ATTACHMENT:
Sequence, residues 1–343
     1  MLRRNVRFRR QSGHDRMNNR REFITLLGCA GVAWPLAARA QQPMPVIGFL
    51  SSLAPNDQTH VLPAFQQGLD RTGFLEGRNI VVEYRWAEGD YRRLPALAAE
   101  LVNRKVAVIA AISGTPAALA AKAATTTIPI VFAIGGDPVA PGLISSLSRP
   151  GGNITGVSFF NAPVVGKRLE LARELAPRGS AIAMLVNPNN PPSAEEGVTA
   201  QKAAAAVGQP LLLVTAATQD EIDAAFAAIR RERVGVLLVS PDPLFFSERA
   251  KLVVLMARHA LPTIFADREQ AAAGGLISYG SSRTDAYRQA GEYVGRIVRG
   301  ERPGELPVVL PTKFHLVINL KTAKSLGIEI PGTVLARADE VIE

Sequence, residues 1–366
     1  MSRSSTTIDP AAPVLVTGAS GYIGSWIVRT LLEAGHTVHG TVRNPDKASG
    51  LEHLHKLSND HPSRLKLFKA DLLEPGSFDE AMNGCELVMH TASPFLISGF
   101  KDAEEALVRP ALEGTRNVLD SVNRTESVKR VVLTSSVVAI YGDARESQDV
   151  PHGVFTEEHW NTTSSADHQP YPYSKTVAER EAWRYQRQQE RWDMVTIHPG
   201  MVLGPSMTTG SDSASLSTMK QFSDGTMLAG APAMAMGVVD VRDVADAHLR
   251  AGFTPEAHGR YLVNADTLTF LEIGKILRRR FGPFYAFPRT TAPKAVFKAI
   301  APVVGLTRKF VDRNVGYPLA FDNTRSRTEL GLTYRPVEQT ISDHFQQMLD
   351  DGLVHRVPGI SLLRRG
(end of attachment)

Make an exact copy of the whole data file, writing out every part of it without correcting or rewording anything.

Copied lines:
Sequence, residues 1–343
     1  MLRRNVRFRR QSGHDRMNNR REFITLLGCA GVAWPLAARA QQPMPVIGFL
    51  SSLAPNDQTH VLPAFQQGLD RTGFLEGRNI VVEYRWAEGD YRRLPALAAE
   101  LVNRKVAVIA AISGTPAALA AKAATTTIPI VFAIGGDPVA PGLISSLSRP
   151  GGNITGVSFF NAPVVGKRLE LARELAPRGS AIAMLVNPNN PPSAEEGVTA
   201  QKAAAAVGQP LLLVTAATQD EIDAAFAAIR RERVGVLLVS PDPLFFSERA
   251  KLVVLMARHA LPTIFADREQ AAAGGLISYG SSRTDAYRQA GEYVGRIVRG
   301  ERPGELPVVL PTKFHLVINL KTAKSLGIEI PGTVLARADE VIE

Sequence, residues 1–366
     1  MSRSSTTIDP AAPVLVTGAS GYIGSWIVRT LLEAGHTVHG TVRNPDKASG
    51  LEHLHKLSND HPSRLKLFKA DLLEPGSFDE AMNGCELVMH TASPFLISGF
   101  KDAEEALVRP ALEGTRNVLD SVNRTESVKR VVLTSSVVAI YGDARESQDV
   151  PHGVFTEEHW NTTSSADHQP YPYSKTVAER EAWRYQRQQE RWDMVTIHPG
   201  MVLGPSMTTG SDSASLSTMK QFSDGTMLAG APAMAMGVVD VRDVADAHLR
   251  AGFTPEAHGR YLVNADTLTF LEIGKILRRR FGPFYAFPRT TAPKAVFKAI
   301  APVVGLTRKF VDRNVGYPLA FDNTRSRTEL GLTYRPVEQT ISDHFQQMLD
   351  DGLVHRVPGI SLLRRG